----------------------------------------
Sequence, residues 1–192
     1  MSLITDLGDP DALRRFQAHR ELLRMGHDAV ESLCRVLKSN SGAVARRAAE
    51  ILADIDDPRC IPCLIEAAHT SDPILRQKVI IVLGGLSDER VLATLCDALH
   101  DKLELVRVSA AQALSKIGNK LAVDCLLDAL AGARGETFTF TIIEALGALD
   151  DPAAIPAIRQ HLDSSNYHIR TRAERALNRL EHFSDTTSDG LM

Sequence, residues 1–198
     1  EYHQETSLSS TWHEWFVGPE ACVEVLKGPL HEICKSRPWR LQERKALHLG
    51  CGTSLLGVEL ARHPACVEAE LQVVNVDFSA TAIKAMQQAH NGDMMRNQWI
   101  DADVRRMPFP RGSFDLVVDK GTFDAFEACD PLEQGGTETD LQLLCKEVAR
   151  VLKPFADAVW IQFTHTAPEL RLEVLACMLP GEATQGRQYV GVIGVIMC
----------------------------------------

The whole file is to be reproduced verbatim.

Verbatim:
Sequence, residues 1–192
     1  MSLITDLGDP DALRRFQAHR ELLRMGHDAV ESLCRVLKSN SGAVARRAAE
    51  ILADIDDPRC IPCLIEAAHT SDPILRQKVI IVLGGLSDER VLATLCDALH
   101  DKLELVRVSA AQALSKIGNK LAVDCLLDAL AGARGETFTF TIIEALGALD
   151  DPAAIPAIRQ HLDSSNYHIR TRAERALNRL EHFSDTTSDG LM

Sequence, residues 1–198
     1  EYHQETSLSS TWHEWFVGPE ACVEVLKGPL HEICKSRPWR LQERKALHLG
    51  CGTSLLGVEL ARHPACVEAE LQVVNVDFSA TAIKAMQQAH NGDMMRNQWI
   101  DADVRRMPFP RGSFDLVVDK GTFDAFEACD PLEQGGTETD LQLLCKEVAR
   151  VLKPFADAVW IQFTHTAPEL RLEVLACMLP GEATQGRQYV GVIGVIMC